salt and pepper to taste
parmesan for passing
loaf of crusty bread (optional)
In a large saucepan, parboil the sausage links, about 5 minutes. While the links are parboiling, I carefully prick them to release the liquified fat that has accumulated under the casings. Remove from the water, cool slightly and slice crosswise into ½-inch pieces.
Heat olive oil in large sauté pan over medium heat. When oil is shimmery, add sliced sausage. Be careful! There will be some splattering. Sauté sausage on both sides until brown, approximately 5 minutes. Remove sausage and set aside.
Return sauté pan to burner, lower heat to medium low and add greens. Stir to coat in any oil or sausage bits remaining in pan. Cover and cook until wilted, 2 minutes.
Add cannellini beans to wilted greens and stir to combine. Add sausage back to pan and heat everything through. Season to taste with salt and pepper.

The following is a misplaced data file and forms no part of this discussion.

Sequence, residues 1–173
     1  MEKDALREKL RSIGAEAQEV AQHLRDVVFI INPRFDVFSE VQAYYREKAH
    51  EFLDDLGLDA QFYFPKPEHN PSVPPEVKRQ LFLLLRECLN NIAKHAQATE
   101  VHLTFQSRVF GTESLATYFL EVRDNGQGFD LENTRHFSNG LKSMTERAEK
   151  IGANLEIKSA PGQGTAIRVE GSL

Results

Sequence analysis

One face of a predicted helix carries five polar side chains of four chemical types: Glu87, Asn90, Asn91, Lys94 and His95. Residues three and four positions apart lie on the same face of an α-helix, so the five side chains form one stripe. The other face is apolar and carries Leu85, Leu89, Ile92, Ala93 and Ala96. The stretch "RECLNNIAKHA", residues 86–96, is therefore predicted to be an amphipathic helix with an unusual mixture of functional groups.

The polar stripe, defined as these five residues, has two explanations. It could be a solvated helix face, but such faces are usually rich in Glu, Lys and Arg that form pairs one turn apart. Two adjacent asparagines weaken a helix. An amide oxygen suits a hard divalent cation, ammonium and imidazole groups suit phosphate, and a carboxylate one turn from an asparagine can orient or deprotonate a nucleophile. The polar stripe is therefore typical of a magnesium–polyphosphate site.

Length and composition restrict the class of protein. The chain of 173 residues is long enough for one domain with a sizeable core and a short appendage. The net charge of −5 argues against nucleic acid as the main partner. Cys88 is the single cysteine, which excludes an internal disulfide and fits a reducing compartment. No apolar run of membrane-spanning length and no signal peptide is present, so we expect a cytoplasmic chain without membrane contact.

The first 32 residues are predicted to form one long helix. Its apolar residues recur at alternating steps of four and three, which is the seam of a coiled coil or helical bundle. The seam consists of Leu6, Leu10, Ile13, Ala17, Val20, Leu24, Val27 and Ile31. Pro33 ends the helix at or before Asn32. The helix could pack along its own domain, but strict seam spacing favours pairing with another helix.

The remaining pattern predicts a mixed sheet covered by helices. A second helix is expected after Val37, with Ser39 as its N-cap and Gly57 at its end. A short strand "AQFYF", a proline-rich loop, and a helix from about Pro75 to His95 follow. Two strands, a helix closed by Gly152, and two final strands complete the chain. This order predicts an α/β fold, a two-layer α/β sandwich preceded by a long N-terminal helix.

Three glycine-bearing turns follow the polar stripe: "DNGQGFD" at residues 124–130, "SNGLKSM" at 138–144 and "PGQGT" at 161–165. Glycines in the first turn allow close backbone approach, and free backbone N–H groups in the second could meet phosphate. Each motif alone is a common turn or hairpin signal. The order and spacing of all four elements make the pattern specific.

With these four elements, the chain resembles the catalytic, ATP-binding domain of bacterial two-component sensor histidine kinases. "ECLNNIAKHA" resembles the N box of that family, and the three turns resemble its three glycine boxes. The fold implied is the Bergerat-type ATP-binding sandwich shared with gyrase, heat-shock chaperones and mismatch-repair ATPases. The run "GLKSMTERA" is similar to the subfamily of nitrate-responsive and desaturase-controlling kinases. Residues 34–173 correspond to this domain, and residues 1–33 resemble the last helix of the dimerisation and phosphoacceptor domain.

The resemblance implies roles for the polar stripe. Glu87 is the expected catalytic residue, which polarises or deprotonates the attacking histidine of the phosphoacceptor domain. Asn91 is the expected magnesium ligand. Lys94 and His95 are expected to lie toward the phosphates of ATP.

Serve immediately with crusty bread, passing parmesan for grating.
As some of you may know, my mom’s parents were from Ireland. Nanny was a wonderful home cook, bringing her Irish food traditions from Belfast to Brooklyn where her Italian, German, and Jewish neighbors influenced her cooking in America.
But Nanny wasn’t the only one to bring Irish food traditions, my grandfather ruled the kitchen on weekend mornings. According to my mom, Saturday mornings would be met with plenty of hot tea, eggs, bacon (or ham or sausages), potato farls, and soda bread. My grandfather would fry bacon, set it aside, then in the same pan, immediately fry the eggs in the bacon fat. From there, in went slices of plain soda bread, fried quickly on both sides until lightly brown. Can you imagine? Heaven!!! Unfortunately, my grandfather died before I was born, but I still grew up enjoying his Irish Soda Bread, first made by my mother, and now my dad.